Meanwhile, a woman’s work is never done in Denmark, where Hanne-Vibeke Holst’s action-packed novel The Crown Princess follows thirty-something heroine Charlotte Damgaard as she’s tapped as the Social Democratic Party’s new Minister of Environment, only to get sucked into a whirlpool of back-stabbing colleagues, sniping reporters, and a sniveling husband who gripes about “how difficult it is to be a woman when you’re a man.” This is Holst’s first novel after two detours through the documentary genre, but she previously racked up six-figure sales for her 1994 novel Real Life, which sold 85,000 copies in Denmark, as well as 50,000 copies in Germany (Bertelsmann) plus 55,000 in Sweden (Bonniers). That book follows pregnant television reporter Therese as she whisks back to Copenhagen from a dangerous foreign trip to give birth to a daughter, and ends up bonding with a certain Heidi of the high-rise suburbs. Next, taking up where Real Life left off, the author’s 1998 novel A Happy Woman sold 130,000 copies in Denmark and follows Therese’s travails as her father dies and she swoons over a suave filmmaker while on assignment in Budapest. We’re told sales of the new book have been “very satisfying so far,” and rights have been sold to Sweden (Bonniers) for “a huge advance — one of the highest ever paid for Scandinavian literature in Scandinavia.” See Esthi Kunz at Gyldendal for rights.
Also rocking the list in Denmark is Swedish Crime maestro Åke Edwardson, whose timely novel Heaven Is a Place on Earth (see PT, 9/01) has gained traction in this nation with its haunting tale of a four-year-old boy who is abducted from a playground and later found to be abused. When another boy disappears for good, shrewd Inspector Erik Winter steps in to wreak some deductive vengeance. Critics have dubbed this title “the best, the most complex literary construction that Åke Edwardson has achieved,” describing the author as a sort of Delta bluesman of crime fiction, singing “a sad but logical tune where the three basic chords are outsiderness, loneliness, and desperation.” In addition to Denmark, the book has been sold to Germany (Econ/List/Ullstein), and Norway (Tiden), with other rights available from Agneta Markås at Norstedts. And for what it’s worth in Denmark, 74-year-old former journalist Erik Juul Clausen has come down from the mountain with a historical tale called The Healer, which is said to tell the story of Jesus Christ from — yes — “a new and exciting angle.” Prominent Roman citizen Publius embarks upon a secret mission to Palestine to investigate a certain mysterious healer, and shortly thereafter, as his wife chucks the old polytheism and converts to Christianity, he stumbles upon the Crucifixion itself. Though the book has slipped off the list this month, foreign rights may be vouchsafed from the Hanserik Tönnheim agency in Malmö.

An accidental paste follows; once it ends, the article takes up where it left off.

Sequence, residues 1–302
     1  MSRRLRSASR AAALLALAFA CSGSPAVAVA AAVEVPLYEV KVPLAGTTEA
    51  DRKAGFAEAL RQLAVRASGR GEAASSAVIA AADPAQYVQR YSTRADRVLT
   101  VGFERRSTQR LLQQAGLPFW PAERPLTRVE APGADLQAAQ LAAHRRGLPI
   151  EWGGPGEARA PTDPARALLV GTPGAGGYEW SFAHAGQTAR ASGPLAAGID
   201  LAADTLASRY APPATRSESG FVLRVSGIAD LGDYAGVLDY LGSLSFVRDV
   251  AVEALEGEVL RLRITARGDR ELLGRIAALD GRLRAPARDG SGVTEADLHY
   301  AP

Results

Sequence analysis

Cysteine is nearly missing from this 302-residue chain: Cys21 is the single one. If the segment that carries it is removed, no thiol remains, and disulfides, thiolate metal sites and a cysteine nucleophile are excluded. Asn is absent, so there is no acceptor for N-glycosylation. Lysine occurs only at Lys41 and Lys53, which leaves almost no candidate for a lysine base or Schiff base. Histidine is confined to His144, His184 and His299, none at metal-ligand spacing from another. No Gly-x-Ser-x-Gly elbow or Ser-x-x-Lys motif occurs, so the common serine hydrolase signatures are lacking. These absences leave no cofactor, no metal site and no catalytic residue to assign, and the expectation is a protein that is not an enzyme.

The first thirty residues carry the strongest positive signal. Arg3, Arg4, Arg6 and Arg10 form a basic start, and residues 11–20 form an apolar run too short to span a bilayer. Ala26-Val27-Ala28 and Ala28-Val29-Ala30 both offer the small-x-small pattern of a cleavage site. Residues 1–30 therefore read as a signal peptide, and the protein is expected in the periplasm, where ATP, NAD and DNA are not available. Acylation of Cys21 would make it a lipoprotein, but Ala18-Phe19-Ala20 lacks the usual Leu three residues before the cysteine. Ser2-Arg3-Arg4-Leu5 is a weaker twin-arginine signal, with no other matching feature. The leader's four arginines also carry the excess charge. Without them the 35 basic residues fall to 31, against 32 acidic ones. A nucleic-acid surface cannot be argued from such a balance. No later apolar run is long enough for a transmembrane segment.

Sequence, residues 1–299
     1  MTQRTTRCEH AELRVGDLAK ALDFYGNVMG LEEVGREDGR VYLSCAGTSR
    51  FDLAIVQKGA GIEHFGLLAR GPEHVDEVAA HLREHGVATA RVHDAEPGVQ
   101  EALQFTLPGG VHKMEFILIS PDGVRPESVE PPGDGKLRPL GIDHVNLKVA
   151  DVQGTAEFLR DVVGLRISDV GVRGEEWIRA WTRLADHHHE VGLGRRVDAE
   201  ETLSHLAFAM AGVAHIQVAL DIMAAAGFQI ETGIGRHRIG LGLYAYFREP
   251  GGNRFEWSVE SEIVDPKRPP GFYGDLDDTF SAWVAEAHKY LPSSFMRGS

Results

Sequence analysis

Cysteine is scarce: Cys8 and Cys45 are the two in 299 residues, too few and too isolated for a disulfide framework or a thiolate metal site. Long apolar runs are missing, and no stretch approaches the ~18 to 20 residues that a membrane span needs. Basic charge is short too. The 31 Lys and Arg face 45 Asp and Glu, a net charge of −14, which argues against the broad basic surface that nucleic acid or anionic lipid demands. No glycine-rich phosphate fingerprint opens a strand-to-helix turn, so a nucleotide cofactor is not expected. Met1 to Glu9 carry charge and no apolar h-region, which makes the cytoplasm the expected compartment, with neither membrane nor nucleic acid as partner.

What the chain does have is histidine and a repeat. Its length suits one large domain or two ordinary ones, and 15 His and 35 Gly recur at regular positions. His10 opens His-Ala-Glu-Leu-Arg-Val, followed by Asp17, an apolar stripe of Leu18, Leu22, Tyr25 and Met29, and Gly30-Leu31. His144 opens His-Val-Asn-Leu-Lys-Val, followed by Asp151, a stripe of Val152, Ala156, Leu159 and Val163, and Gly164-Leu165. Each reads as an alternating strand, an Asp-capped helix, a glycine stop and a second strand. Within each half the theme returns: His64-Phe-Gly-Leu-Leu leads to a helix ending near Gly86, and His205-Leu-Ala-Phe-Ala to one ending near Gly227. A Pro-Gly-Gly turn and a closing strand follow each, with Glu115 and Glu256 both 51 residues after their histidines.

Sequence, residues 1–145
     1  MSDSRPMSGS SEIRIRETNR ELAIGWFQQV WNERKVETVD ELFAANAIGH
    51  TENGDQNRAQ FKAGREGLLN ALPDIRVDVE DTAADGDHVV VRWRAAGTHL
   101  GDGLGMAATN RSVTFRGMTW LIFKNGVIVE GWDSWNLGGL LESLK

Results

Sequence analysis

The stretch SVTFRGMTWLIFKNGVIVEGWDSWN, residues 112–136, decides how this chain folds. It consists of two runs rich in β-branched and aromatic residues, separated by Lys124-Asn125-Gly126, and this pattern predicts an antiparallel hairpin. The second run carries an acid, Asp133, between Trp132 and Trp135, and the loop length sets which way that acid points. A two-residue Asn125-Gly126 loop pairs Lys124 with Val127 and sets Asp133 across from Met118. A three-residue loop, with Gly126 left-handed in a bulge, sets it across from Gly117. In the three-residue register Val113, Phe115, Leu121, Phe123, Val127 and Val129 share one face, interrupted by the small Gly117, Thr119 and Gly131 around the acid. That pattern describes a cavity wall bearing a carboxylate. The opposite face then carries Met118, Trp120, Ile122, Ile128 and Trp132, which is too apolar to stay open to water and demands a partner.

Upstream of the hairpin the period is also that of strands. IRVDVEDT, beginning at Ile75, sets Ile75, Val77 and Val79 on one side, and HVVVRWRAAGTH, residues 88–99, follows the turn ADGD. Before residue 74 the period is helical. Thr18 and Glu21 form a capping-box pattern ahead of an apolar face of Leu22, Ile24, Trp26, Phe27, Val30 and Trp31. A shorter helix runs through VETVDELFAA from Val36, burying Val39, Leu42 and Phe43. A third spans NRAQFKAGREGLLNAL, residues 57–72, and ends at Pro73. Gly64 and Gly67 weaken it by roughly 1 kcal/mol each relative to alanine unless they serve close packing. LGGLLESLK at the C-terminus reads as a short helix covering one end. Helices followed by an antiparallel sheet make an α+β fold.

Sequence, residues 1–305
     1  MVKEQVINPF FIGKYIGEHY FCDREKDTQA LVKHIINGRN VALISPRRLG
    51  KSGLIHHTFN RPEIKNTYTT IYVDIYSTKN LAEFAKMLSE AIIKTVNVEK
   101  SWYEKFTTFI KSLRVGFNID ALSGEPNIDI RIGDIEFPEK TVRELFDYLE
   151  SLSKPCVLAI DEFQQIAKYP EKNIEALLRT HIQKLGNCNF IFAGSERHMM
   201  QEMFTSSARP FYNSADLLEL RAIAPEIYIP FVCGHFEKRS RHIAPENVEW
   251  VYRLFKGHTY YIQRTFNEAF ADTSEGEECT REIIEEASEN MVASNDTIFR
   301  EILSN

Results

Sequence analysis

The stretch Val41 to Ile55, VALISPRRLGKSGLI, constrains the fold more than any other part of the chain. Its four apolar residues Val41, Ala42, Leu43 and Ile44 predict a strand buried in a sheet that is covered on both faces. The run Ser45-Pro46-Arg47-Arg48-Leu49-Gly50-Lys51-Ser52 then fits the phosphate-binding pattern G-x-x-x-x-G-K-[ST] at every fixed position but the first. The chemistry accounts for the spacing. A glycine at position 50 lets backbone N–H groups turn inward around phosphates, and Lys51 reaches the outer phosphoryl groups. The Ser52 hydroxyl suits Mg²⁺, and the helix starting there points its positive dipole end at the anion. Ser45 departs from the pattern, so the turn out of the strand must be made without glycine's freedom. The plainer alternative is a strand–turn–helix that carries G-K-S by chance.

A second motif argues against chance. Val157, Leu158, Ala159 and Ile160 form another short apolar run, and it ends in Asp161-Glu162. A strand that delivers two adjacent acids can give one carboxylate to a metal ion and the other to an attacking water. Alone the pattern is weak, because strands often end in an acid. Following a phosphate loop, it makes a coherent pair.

Finally, the perennially tetchy mother-daughter nexus has enthralled France this month as a nonfiction title hits the list: Mothers-Daughters: A Three-Way Relationship by psychoanalyst Caroline Eliacheff and sociologist Nathalie Heinich. Emotional rigidity, narcissism, hysteria — it’s all here — but the twist in this “passionate and exceptionally limpid work” is to freshen up the gender gloss with abundant examples from classic works of literature and cinema, reviewing the role of moms in everything from Almodovar’s High Heels to Edith Wharton’s Pomegranate Seed. The authors also delve into “extreme mothers” (Hitchcock’s the relevant reference there) and “star mothers” (Bergman’s Autumn Sonata), and get mileage out of Madame Bovary. The title, by the way, refers not to some maternal ménage à trois but to that third party in Oedipus-land, dad. We’re told 100,000 copies have been sold in France to date, with rights sold to Italy (Einaudi), and submissions under way in the US. See Monique DiDonna at the French Publishers’ Agency.